Morten Bøås (PhD) is Research Professor at the Norwegian Institute of International Affairs (NUPI) and works on issues concerning peace and conflict in Africa, including issues such as land rights and citizenship conflicts, youths, ex-combatants and the new landscape of insurgencies and geopolitics. He has published extensively on African politics and development. His publications include, African Guerrillas: Raging Against the Machine (Lynne Rienner, 2007, co-edited with Kevin Dunn), International Development Vol. I-IV (Sage Publications, 2010, co-edited with Benedicte Bull), The Politics of Origin in Africa (Zed Books, 2013, co-authored with Kevin Dunn), and The Politics of Conflict Economies (Routledge, 2015).
The question is whether this strategy of decapitation works or not. We argue that at best it is a tactical achievement which could have unintended consequences.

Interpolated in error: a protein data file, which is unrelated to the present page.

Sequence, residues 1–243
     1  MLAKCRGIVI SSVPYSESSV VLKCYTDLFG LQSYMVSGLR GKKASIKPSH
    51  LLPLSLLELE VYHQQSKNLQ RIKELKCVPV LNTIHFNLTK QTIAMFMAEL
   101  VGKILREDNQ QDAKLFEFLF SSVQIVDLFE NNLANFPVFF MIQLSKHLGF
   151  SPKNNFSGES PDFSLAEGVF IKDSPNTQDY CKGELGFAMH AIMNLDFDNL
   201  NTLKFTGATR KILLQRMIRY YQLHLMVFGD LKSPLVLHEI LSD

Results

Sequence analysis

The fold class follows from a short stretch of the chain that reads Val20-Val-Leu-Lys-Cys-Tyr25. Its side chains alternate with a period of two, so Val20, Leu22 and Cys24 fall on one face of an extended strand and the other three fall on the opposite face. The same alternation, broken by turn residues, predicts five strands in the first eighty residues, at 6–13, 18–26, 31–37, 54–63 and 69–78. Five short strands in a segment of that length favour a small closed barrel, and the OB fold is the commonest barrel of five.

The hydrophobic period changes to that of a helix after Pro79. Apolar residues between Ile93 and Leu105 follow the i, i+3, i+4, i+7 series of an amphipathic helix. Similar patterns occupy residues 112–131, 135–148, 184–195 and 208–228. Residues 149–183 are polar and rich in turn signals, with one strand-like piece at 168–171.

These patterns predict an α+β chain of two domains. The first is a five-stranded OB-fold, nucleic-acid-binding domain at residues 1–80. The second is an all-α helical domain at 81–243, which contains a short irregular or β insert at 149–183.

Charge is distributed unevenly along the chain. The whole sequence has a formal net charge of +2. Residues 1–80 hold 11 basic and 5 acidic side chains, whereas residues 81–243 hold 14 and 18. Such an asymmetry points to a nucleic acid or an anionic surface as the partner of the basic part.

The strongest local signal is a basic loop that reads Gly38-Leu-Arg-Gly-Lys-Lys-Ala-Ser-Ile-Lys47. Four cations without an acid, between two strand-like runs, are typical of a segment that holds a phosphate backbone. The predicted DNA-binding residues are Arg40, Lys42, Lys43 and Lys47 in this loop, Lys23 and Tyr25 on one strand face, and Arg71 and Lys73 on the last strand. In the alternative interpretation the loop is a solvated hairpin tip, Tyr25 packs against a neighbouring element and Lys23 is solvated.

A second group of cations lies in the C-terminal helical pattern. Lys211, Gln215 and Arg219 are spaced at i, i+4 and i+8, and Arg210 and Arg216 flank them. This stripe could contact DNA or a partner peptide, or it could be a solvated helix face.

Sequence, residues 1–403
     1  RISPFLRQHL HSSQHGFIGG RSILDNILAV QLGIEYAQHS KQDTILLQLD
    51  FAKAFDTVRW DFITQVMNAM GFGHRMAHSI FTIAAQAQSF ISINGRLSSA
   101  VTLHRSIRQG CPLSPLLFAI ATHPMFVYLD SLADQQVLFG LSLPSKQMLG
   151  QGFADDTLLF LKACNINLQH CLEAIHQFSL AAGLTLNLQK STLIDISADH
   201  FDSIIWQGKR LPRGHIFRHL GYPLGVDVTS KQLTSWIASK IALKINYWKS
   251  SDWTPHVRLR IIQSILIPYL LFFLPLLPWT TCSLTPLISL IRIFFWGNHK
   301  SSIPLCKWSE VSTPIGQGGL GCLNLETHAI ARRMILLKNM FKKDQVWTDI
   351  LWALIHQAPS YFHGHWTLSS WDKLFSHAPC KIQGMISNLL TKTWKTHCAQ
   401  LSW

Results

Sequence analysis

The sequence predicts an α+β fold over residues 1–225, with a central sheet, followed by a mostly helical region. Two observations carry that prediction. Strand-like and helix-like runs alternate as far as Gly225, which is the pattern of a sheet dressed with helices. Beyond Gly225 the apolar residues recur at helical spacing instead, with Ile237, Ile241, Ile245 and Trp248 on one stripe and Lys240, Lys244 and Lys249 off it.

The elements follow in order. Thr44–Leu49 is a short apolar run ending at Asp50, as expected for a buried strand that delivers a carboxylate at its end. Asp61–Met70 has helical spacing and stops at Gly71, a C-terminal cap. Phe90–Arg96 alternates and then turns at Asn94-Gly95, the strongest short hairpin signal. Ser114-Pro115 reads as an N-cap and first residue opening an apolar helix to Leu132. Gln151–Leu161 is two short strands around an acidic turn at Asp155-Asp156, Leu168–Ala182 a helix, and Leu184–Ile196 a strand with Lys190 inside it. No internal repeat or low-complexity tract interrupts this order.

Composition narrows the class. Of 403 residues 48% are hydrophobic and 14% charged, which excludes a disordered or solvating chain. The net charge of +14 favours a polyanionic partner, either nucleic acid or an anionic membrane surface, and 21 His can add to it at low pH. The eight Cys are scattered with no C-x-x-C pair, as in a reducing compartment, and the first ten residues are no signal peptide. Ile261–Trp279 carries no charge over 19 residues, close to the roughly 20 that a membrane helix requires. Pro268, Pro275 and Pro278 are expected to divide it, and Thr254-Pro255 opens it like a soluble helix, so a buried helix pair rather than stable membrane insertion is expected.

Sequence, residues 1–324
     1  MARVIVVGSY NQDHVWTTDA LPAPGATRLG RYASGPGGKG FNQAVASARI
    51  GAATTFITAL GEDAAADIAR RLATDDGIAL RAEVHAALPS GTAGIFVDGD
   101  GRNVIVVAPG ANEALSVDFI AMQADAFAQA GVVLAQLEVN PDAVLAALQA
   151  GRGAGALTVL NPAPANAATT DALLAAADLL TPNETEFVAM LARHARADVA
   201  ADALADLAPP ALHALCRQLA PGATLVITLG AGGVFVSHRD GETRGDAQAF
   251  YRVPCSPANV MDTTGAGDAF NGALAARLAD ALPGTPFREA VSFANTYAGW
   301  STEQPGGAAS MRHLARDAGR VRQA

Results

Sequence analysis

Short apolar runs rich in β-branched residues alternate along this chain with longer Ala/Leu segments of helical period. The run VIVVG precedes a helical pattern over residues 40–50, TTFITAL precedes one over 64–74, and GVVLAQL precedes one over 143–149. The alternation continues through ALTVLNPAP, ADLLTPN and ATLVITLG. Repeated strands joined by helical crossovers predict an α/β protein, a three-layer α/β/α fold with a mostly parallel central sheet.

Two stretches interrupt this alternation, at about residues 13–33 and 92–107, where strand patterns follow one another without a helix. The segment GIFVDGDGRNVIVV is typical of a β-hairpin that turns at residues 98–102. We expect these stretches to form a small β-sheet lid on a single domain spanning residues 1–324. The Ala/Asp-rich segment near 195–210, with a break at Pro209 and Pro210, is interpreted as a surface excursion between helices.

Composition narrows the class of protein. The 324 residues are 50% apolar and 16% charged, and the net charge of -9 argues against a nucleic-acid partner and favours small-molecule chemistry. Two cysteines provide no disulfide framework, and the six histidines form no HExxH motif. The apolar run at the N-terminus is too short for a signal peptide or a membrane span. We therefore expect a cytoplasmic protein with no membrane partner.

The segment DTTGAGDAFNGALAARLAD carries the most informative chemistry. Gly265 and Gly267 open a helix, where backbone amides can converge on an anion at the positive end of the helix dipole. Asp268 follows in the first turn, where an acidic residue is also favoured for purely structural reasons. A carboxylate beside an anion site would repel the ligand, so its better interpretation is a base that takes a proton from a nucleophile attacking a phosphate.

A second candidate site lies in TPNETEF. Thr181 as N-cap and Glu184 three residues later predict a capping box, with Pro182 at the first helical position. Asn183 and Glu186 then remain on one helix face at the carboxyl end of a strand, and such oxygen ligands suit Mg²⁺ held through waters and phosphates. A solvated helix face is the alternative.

The massacre of Fulani in central Mali on 23 March marks a grave, new turn in the conflict. How did we get here?
Refugee transport is a new and growing industry in Libya, posing difficult questions for European policymakers.
After eight months of hard talks the Algiers process resulted in a ceasefire agreement and the final draft of a peace plan on 1 March. The ‘Agreement for Peace and Reconciliation in Mali from the Algiers Process’ represents a compromise between the government in Bamako and the Tuareg and Arab rebel groups present in the negotiations.